Cafés with unique architecture in Hanoi

The bustling city of Hanoi is not only the capital city of Vietnam, it’s also home to some of the most interesting and unique cafés. The city has both been influenced by the Chinese and French, and you can walk around looking at the beautiful architecture surrounding the city. It’s almost impossible to be bored in Hanoi – there’s simply so much to do here and so much to see. Whether Hanoi is your starting or ending point, you should spend a few days here. Walk around in the Old Quarter, pick up a souvenir or two, absorb the atmosphere in the city and check out some of these cafés with a unique architecture in the city.

1. Cafe Duy Tri

Hanoi is filled with unique cafés and the tube houses is a good example of that. After the war, the cities started to grow fast and people wanted to move to Hanoi. For commercial reasons, people wanted to live on the main road instead of in the small alleys and therefore the ”tube houses” became the solution. Duy Tri is one of these classic tube houses in Hanoi which serves excellent homemade yoghurt and Vietnamese coffee. If you want to go where the locals go, check out this café. It’s definitely one if the more unique ones in the city, combining history with tradition. You can find Duy Tri in West Lake.

2. Hanoi House Café

This hidden gem is a bit difficult to access due to the steps you have to climb before you get to the café, but once there, you’ll find yourself in a French style one-room café. There’s even a fireplace in the café to warm you up during the cooler winter months in Hanoi. The café is the perfect place to go to relax, sit down with a book or chat with your friends after a long day of sightseeing. Try to sit outside in the balcony, it’s the best seat in the house, offering a stunning view of St. Peter’s Cathedral. The café is cozy, small, serves good drinks and the decor is one-of-a-kind. It’s a must when you visit Hanoi.

3. Loading T

Tucked inside an old French colonial villa, you find this ware house style café which serves some excellent egg café, a Vietnamese specialty. If you’re not a big fan of egg coffee though, make sure to try their mean cinnamon coffee or  Before Loading T became a café, it was owned by a wealthy family who built it in 1932. These days, it serves as a meeting place for friends, family, and even for business meetings. The cozy ambiance together with the wicked architecture, makes it one of Hanoi’s most unique cafés. It’s located centrally in the Old Quarter.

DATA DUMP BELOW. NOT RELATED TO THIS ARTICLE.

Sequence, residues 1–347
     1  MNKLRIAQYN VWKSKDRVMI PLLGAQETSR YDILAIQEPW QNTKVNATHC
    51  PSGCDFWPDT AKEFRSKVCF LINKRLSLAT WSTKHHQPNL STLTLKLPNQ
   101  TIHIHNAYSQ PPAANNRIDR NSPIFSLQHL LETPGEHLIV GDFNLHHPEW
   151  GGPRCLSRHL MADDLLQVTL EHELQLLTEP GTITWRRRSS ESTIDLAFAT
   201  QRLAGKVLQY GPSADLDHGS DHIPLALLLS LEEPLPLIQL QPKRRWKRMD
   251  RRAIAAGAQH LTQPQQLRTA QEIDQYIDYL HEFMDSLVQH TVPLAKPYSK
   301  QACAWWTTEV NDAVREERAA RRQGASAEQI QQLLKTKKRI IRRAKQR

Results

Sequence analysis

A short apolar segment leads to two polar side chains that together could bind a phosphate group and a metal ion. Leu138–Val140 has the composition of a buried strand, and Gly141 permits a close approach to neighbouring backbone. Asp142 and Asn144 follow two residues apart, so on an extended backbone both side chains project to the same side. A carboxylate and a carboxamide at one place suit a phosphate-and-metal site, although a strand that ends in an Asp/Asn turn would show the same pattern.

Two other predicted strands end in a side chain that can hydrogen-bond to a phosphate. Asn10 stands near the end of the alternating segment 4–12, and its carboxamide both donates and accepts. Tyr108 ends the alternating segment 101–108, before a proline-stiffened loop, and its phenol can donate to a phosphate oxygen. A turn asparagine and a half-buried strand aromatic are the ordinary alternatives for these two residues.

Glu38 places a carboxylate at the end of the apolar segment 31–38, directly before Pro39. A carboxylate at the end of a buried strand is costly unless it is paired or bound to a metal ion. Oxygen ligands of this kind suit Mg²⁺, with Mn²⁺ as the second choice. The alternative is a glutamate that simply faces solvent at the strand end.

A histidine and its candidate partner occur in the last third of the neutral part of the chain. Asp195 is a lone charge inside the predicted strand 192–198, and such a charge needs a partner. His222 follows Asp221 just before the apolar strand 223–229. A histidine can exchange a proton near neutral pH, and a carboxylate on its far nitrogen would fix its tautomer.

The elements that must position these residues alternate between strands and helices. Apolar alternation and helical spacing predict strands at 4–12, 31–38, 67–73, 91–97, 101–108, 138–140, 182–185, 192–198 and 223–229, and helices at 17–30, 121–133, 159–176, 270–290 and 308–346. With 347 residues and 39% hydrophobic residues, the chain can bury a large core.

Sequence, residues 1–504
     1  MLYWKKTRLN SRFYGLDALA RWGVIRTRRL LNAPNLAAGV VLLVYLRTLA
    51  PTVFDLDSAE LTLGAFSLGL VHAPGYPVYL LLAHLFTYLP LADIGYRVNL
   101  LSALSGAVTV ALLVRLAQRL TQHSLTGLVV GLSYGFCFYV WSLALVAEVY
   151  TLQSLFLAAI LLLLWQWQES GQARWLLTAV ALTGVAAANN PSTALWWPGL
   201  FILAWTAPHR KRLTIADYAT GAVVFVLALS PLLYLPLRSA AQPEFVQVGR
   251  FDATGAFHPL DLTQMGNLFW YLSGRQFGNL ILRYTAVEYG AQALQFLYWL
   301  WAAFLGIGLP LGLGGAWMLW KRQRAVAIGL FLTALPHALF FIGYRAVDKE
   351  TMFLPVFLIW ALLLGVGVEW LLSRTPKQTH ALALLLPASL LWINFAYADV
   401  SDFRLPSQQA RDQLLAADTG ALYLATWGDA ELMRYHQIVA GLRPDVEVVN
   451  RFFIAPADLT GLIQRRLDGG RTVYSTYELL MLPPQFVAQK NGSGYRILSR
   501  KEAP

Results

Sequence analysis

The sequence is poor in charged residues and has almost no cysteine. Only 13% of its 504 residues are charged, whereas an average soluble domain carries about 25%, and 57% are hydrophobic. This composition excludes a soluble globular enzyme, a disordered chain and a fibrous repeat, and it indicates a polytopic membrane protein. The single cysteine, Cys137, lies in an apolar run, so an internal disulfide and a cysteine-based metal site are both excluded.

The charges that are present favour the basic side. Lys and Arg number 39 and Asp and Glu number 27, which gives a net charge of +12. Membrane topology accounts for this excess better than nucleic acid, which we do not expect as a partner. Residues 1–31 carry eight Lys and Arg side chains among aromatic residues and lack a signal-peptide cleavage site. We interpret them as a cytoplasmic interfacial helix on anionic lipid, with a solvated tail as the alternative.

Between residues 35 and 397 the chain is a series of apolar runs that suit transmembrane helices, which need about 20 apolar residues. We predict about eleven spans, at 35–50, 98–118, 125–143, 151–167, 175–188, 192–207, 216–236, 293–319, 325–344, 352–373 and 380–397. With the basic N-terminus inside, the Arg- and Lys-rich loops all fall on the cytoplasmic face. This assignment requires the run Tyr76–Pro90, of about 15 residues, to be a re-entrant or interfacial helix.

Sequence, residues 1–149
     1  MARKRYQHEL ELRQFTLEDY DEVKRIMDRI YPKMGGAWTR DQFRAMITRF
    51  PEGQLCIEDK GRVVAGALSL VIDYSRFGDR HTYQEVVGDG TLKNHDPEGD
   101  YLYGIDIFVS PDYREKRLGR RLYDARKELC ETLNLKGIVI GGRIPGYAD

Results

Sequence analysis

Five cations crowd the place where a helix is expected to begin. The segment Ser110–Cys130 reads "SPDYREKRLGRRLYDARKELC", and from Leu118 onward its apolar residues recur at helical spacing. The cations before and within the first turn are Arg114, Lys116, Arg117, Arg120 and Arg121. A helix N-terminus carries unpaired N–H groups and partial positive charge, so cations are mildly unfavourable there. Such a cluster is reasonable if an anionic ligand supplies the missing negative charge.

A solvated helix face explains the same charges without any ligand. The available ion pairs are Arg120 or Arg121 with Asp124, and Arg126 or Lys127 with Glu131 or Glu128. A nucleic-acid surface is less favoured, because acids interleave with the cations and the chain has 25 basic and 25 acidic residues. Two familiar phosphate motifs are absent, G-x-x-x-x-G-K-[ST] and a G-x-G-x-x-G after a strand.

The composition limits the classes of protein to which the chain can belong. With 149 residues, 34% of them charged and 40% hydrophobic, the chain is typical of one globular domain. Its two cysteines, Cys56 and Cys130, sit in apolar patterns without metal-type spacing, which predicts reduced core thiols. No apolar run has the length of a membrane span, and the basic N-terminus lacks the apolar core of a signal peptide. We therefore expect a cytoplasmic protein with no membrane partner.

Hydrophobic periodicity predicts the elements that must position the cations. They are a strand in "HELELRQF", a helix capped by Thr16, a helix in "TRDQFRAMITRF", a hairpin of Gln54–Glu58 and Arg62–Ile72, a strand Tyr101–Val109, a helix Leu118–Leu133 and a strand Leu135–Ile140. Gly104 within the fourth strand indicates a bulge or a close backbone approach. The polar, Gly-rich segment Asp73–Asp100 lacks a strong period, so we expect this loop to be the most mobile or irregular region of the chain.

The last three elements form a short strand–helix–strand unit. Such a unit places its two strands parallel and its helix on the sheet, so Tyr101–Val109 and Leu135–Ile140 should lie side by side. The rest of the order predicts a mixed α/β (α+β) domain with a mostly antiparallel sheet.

4. Manzi

Manzi serves not just as a café but also as an art gallery with rotating exhibitions, so before you take a seat, remember to take a look at all the art. The owners want to make art accessible for everyone, and even if you can’t afford bringing a piece home, you can take all te time you want to admire it. Besides art, there’s plenty of delicious drinks to purchase there such as pineapple and mint juice, classic Vietnamese coffee and fresh fruit with yoghurt. If you’re feeling for a bite to eat, they also serve sushi plates. The prices in Manzi are reasonable, the quality is high and you get a unique café experience.

Remember to apply for your Vietnam visa before you enter the country. You can either get a visa online or apply at the Vietnamese Embassy or Consulate. The reason why this might not be the preferred option is because if you don’t live close to the Embassy, you’ll have to travel far to get your visa. This is both time consuming and you’ll have to spend money on both transportation and for the visa. Therefore, the online option is mostly preferred by foreigners coming since you can do it at home, in a café, library, or wherever you are. As long as you have a computer and internet, you can apply for a visa online. You have two options to choose from: either you get a Visa on Arrival or an E-Visa. However, the latter is only available for certain countries so if you’re not sure if you can apply for it, contact your embassy.